Assessing forest inventory information obtained from different inventory approaches and remote sensing data sources
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Evaluations of forest inventories usually end when accuracy and precision have been quantified.
We aim to value the accuracy of information derived from different remote sensing sensors (airborne laser scanning, aerial multispectral and hyperspectral imagery) and four alternative forest inventory approaches.
The approaches were (1) mean values or (2) diameter distributions both obtained by the area-based approach (ABA), (3) individual tree crown (ITC) segmentation and (4) an approach called semi-individual tree crown (SITC) segmentation. The estimated tree information was assessed and used to evaluate how erroneous inventory data affect economic value and loss due to suboptimal harvesting decisions. Field measured data used as reference come from 23 field plots collected in a study area in south-eastern Norway typical of managed boreal forests in Norway.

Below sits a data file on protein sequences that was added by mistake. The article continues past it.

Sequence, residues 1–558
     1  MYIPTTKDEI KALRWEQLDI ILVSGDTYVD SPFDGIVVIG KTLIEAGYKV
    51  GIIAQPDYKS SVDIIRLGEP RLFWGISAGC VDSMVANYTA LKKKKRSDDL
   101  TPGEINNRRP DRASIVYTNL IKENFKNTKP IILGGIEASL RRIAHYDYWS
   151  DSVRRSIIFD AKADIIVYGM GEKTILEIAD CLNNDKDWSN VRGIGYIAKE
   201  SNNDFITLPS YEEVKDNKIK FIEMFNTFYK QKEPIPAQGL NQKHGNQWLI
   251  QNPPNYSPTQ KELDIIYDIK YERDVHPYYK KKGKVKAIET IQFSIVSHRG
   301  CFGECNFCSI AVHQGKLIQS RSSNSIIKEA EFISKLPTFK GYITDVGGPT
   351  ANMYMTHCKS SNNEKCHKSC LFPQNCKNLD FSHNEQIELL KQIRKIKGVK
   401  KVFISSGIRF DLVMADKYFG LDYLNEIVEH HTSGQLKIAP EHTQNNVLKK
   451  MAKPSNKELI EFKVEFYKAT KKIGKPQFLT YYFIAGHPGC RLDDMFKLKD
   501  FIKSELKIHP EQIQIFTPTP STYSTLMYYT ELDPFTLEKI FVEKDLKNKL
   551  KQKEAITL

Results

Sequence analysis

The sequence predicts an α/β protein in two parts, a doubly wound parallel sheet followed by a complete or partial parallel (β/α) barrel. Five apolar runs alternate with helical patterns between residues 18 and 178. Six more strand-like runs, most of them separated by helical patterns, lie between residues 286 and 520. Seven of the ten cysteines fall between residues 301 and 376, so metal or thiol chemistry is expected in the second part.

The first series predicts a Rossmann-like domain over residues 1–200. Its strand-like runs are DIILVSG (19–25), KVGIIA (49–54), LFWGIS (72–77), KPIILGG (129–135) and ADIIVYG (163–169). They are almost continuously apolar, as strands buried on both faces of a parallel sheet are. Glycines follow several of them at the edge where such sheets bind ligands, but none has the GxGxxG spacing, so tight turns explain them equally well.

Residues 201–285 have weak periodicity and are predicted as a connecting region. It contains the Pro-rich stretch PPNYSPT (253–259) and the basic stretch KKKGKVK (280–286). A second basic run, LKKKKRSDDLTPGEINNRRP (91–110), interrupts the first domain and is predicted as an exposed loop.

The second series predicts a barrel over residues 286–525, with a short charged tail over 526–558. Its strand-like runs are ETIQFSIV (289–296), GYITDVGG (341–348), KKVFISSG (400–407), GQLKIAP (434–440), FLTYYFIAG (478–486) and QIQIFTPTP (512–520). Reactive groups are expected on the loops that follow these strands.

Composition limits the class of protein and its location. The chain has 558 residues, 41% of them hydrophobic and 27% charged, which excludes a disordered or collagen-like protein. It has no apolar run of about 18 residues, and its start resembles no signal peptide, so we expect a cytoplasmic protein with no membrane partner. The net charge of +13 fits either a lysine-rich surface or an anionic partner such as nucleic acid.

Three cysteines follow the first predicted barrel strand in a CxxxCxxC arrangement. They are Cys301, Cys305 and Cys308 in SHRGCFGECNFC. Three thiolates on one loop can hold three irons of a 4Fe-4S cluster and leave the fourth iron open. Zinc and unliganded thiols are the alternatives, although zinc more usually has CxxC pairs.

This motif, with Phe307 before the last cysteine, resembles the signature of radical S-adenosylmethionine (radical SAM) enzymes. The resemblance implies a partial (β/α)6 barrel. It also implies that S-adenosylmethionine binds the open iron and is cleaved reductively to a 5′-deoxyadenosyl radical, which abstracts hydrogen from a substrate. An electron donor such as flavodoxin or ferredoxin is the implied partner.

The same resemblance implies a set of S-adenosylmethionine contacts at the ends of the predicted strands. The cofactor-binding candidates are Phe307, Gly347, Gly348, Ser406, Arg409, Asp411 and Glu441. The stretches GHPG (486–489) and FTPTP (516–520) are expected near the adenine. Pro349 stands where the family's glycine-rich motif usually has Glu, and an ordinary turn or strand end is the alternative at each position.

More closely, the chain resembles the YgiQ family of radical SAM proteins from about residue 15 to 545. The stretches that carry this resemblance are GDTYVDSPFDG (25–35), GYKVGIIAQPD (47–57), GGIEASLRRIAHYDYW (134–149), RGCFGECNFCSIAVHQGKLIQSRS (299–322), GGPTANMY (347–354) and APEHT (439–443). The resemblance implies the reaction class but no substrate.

The accuracy of the forest inventory was generally in line with previous studies. Our results show that using mean values from the area-based approach may yield large economic losses, while adding a diameter distribution to the area-based approach yielded less loss than the individual tree crown methods. Adding information from imagery had little effect on the results.
Taking inventory costs into account, diameter distributions from the area-based approach without additional information seems favourable.
KeywordsAerial imagery Airborne laser scanning Forest management inventory Hyperspectral Multispectral Value of information
The research was conducted as part of the FlexWood (‘Flexible Wood Supply Chain’) project, funded under the European Union’s and European Atomic Energy Community’s Seventh Framework Programme (FP7/2007–2013; FP7/2007–2011, under Grant Agreement No. 245136). We wish to thank Blom Geomatics (Norway) for providing and processing the ALS data and Terratec AS (Norway) for providing and processing the hyperspectral data.
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